dev-patel-in-monkey-man

In ‘Monkey Man,’ liberation comes from communal power

While some may object to the violence in this movie, it is symbolic of the violence that marginalized people are subjected to daily.
Arts & Culture

Monkey Man

Directed by Dev Patel (Universal Pictures, 2024)

Monkey Man, directed by and starring Indian actor Dev Patel, uses its trailer to showcase Patel engaging in fighting scenes akin to John Wick. However, Monkey Man is far more than an action film, offering a social commentary that is valuable for Catholics to reflect on.

The plot reveals the destructive confluence of religion, corruption, and power. A young boy loses his village and his mother in a single evening, both taken at the hands of a policeman doing the bidding of a cult-like Hindu leader. The boy becomes an adult, played by Patel, who plots vengeance against these men.

Patel, famous for his breakthrough role in Slumdog Millionaire, continues to champion the voice of people in poverty, who are largely in their state due to inequity that favors rich and corrupt elements. With Monkey Man, however, he takes a bolder step in centering those who are marginalized. Patel’s character is taken in by a trans community that resides in an abandoned temple.

The protagonist rehabilitates within this community, gaining the mental and physical strength to enact his revenge, and obtains their partnership in executing his plot. Patel’s plan requires the communal efforts of people from different walks of life who were at the bottom of society. This collective power results in a strength that can surpass and even defeat those who profit from wrongdoing.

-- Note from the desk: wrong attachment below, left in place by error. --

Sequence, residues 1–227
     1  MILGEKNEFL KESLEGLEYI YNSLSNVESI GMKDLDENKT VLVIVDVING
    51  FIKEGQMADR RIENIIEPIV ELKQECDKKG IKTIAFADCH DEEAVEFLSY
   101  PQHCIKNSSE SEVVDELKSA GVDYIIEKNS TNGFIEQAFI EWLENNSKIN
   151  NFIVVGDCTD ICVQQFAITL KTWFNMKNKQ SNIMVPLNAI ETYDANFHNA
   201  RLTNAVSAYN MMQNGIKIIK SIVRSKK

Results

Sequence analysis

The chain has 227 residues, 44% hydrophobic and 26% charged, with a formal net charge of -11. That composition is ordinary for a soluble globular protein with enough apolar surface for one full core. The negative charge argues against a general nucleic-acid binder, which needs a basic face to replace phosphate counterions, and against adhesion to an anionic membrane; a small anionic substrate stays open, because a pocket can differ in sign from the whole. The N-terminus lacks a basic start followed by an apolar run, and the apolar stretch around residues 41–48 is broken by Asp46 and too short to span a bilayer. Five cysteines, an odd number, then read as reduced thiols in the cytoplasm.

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For Catholics, these themes correlate with the proclamation from liberation theologians that God sides with the marginalized, and if we wish to be in alignment with God’s will, we must do the same.

While some may object to the violence in this movie, it is symbolic of the violence that marginalized people are subjected to daily. That is the violence that demands our objection.


Monkey Man is now streaming on Peacock.


This article also appears in the July 2024 issue of U.S. Catholic (Vol. 89, No. 7, page 38). Click here to subscribe to the magazine.

Image: Ewet Akhirwan Nurhaidir/Universal

About the author

Matt Kappadakunnel

Matt Kappadakunnel has a background in investment management and investment banking. He spent multiple years studying to be a Catholic priest and graduated from Creighton University. He lives in Los Angeles with his wife and two children.

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